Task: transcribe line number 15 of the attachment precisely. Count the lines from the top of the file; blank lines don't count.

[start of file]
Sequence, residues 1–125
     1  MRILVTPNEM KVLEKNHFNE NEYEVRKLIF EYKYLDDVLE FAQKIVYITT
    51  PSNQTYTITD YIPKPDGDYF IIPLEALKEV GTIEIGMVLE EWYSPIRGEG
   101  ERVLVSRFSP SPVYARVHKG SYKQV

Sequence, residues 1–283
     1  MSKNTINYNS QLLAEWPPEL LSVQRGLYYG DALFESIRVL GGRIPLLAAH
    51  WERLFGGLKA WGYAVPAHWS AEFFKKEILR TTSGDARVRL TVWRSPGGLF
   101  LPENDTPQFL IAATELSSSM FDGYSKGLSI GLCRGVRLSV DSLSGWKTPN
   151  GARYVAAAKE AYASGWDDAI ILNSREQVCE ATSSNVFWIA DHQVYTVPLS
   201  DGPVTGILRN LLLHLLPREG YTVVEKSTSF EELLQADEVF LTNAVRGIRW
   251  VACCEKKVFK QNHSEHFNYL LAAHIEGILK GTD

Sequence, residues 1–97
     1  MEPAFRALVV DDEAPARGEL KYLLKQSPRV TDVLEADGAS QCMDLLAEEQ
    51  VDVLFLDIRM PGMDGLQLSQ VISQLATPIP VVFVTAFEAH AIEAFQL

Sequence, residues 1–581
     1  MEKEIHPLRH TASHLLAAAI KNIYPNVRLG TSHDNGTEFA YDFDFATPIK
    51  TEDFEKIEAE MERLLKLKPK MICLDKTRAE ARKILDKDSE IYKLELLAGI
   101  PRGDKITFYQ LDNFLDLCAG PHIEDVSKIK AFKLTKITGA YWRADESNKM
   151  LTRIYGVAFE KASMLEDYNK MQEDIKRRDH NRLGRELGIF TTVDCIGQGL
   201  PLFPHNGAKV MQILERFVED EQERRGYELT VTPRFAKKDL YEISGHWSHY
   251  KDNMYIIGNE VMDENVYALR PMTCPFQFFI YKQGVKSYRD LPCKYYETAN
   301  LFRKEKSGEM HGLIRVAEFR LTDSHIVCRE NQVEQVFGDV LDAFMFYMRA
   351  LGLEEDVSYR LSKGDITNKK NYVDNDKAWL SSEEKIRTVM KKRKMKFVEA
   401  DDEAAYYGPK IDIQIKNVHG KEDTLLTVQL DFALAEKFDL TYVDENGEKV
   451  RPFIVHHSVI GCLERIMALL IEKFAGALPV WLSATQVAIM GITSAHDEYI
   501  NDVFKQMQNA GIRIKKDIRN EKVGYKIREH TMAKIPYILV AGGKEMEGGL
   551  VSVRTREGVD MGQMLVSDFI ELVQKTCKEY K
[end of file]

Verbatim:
Sequence, residues 1–581